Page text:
Orthopaedic Surgeon
Specialist in Foot & Ankle Surgery and Children’s Orthopaedics

Cavus Foot Surgery

You have been advised to have surgery on your foot to correct a high arch, known also as a Cavus foot.  There are many different smaller procedures that can be used to correct this deformity and often more than one or even several of these may be used at the same operation.  Below are the main principles that will apply to your operation.

  • The procedure will correct the high arch of your instep
  • You are likely to have more than one scar
  • The operation will often involve surgery on the tendons as well as bones of your foot
  • It is common to need a bone graft procedure.  This involves taking a wedge shape of bone from your pelvis and inserting this into a cut in one of the bones in the middle of the foot
  • The pelvis can be reasonably painful after the operation but appropriate pain relief will be given to you
  • Your foot will be placed in a plaster slab from the toes to below the knee
  • You will not be allowed to take weight through your foot for 6 weeks after surgery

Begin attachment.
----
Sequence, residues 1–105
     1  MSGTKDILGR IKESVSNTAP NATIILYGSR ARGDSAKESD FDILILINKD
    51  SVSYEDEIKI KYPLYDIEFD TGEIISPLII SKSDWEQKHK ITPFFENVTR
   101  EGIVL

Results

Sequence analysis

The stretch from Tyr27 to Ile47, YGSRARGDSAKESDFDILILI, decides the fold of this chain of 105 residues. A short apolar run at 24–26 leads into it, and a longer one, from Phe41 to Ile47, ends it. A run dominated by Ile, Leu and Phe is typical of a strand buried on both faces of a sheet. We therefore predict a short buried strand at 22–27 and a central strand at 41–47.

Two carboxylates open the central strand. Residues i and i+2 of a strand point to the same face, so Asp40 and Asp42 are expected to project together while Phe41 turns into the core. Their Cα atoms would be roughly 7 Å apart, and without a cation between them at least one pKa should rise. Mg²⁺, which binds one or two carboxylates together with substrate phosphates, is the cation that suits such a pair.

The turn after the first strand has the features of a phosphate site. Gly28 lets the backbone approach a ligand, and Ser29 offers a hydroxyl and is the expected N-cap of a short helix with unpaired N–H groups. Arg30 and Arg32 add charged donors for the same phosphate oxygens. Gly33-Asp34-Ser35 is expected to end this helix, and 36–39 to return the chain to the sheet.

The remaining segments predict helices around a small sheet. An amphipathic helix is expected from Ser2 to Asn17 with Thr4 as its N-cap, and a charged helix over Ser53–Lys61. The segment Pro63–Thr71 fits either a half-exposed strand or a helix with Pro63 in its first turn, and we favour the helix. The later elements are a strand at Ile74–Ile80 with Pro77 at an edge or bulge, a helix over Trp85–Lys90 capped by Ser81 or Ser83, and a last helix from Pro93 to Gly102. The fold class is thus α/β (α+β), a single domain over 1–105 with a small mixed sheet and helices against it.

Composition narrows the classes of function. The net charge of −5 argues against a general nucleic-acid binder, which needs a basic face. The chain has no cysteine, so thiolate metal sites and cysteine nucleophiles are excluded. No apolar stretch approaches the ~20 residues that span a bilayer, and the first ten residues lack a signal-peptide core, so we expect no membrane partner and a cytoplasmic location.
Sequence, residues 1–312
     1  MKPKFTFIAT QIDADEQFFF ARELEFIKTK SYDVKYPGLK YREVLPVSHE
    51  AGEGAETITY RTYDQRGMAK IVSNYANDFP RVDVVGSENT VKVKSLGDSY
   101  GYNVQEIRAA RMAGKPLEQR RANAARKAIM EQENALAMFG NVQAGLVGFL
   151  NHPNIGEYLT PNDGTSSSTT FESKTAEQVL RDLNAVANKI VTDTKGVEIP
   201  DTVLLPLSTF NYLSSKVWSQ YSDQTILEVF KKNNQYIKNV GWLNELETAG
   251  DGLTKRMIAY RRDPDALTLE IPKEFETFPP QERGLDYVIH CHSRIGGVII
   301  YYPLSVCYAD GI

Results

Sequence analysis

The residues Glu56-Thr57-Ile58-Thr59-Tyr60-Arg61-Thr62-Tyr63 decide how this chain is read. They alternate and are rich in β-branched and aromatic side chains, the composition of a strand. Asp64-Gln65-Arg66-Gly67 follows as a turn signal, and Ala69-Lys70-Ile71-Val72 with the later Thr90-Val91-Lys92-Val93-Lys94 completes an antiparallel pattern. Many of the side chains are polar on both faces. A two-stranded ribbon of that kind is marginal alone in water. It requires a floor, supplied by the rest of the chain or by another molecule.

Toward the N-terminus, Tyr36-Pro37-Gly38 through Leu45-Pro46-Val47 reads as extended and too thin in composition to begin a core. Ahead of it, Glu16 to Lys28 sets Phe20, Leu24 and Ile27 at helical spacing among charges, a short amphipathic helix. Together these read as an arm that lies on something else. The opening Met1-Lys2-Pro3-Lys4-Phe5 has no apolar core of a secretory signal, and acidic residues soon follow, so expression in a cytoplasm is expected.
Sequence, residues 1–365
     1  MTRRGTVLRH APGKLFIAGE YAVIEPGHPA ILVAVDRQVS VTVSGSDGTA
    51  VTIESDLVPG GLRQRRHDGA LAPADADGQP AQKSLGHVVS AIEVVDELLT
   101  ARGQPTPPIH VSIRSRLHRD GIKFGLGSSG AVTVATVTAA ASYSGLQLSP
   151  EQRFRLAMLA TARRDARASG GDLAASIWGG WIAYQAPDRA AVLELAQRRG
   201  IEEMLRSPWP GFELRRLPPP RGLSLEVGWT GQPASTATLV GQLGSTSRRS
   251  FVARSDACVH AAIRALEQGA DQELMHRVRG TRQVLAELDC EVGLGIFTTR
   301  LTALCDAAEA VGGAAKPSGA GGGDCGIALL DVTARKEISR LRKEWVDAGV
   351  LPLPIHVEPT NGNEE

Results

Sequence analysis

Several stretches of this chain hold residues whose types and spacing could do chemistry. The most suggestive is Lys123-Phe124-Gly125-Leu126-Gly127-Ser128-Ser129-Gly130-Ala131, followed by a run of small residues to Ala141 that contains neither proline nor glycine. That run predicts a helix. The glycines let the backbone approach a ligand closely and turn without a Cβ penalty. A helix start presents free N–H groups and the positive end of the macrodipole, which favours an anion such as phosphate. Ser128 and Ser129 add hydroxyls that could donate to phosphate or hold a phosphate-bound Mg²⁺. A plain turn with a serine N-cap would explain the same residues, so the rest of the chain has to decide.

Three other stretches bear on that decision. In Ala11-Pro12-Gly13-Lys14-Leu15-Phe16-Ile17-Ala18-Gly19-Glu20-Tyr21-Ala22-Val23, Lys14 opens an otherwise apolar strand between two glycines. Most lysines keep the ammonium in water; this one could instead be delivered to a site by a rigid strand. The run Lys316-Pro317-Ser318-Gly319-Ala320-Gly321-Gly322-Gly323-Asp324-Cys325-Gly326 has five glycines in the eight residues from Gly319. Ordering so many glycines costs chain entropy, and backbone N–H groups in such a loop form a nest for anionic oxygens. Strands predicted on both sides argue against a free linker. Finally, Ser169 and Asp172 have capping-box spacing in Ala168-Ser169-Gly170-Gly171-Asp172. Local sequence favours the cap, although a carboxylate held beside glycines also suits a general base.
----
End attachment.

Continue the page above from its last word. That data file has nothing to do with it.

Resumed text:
• You will therefore need to use aids such as crutches, a frame or wheelchair
  • The wound will be checked 2 weeks after the operation when a full plaster will be applied.  You can rest this plaster on the floor but you will still not be able to take weight when walking
  • At 6 weeks after surgery the plaster will be changed for a cast that allows you to take half your body weight through it.  This is worn for 6 weeks
  • The total time in a cast is therefore 12 weeks after this type of surgery
  • Once the cast is removed an x-ray will be taken to check on the healing
  • Physiotherapy will be required to aid rehabilitation
  • The end point of recovery is usually about 9 months after surgery although function will be good for the last 3 months or so
  • As with any operation there are risks associated with this surgery.  Infection occurs in about 1%. Minor nerve injury may occur resulting in pins & needles or numbness over an area of the foot, this is usually temporary.  Delayed healing to the wounds or bones may occur.  Thrombosis of the veins in the leg happens occasionally
  • The majority of patients undergoing this type of surgery have a good result and are pleased with the outcome

Link to Adult guides